Findings reported in the British Medical Journal from a study of 600,000 births found three successive drops in babies born before 37 weeks.
Each occurred after a public smoking ban was introduced but there was no such trend in the period before the bans were put in place.
The latest study was conducted by a team at Hasselt University in Belgium and adds to similar findings from 2012 research in Scotland, though in that work researchers could not fully state the smoking ban was the cause of the change because pre-term births had started to drop before the ban.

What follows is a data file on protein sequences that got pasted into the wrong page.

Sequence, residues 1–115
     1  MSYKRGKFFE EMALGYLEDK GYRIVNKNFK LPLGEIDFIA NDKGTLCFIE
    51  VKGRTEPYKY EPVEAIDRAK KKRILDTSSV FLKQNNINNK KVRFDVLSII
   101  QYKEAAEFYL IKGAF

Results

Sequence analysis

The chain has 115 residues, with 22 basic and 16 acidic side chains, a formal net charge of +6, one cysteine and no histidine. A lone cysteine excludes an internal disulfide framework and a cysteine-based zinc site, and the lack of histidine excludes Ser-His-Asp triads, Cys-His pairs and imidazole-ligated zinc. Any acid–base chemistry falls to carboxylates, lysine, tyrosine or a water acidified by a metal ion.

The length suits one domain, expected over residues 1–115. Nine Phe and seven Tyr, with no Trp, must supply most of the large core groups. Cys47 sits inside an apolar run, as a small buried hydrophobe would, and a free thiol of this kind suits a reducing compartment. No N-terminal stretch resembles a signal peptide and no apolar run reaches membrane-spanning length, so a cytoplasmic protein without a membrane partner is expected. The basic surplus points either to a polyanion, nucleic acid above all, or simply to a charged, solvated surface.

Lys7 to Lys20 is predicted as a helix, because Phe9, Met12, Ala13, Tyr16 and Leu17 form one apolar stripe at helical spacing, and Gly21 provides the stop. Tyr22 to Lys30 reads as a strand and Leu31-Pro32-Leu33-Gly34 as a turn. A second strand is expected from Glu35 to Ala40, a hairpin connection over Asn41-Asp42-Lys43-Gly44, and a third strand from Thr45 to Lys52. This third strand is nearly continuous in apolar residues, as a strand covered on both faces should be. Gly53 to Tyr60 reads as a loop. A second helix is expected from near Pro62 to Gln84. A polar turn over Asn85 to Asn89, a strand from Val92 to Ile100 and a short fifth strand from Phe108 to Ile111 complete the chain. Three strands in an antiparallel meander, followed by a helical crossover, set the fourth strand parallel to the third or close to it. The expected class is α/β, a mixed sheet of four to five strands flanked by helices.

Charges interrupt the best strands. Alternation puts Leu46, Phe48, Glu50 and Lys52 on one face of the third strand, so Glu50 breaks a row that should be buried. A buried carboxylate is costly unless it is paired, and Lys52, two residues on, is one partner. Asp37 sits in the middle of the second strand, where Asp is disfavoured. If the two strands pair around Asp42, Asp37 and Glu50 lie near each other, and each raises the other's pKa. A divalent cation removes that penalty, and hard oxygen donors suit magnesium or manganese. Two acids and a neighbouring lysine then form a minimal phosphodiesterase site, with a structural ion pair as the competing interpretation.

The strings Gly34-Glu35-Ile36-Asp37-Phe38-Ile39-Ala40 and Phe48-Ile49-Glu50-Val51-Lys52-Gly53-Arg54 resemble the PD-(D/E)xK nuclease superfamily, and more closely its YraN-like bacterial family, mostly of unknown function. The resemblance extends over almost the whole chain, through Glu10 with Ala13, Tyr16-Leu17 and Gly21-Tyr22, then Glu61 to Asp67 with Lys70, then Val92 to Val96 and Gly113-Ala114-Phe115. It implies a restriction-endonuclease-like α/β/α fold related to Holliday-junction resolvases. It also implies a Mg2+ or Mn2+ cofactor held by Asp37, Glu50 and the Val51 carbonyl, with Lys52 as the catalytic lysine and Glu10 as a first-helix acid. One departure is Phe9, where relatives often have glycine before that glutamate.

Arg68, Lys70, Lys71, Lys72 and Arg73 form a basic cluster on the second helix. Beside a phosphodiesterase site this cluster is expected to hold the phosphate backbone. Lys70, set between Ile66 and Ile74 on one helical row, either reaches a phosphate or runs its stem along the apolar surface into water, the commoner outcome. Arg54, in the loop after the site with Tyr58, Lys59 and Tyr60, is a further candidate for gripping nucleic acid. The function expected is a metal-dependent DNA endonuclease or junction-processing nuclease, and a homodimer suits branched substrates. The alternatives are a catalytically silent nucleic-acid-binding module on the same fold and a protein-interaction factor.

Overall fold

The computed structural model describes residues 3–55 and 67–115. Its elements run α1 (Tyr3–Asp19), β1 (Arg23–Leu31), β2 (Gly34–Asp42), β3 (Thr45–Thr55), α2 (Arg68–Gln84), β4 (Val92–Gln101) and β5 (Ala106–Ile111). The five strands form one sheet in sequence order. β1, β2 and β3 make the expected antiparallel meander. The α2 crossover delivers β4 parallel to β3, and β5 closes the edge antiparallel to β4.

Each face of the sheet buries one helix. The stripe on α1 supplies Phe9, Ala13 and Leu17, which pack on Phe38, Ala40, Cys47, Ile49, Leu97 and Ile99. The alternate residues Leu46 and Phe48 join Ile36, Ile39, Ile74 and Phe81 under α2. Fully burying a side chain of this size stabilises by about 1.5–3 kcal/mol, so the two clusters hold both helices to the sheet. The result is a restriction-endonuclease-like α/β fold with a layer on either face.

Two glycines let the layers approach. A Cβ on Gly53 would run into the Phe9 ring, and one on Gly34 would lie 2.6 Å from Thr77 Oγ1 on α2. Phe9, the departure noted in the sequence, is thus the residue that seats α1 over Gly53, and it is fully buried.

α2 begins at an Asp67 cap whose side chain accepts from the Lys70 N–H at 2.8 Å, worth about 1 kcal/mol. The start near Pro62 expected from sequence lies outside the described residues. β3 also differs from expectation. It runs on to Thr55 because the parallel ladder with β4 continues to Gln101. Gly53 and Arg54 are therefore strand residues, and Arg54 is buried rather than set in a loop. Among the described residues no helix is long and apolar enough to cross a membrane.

However, the Belgian study looked at the rate of premature births after each phase of a smoking ban came into force in that country with a ban in public places and workplaces in 2006, restaurants the following year and bars serving food in 2010.
After each new phase, the rate of premature births fell and overall amounted to a fall of six premature babies in every 1,000 births.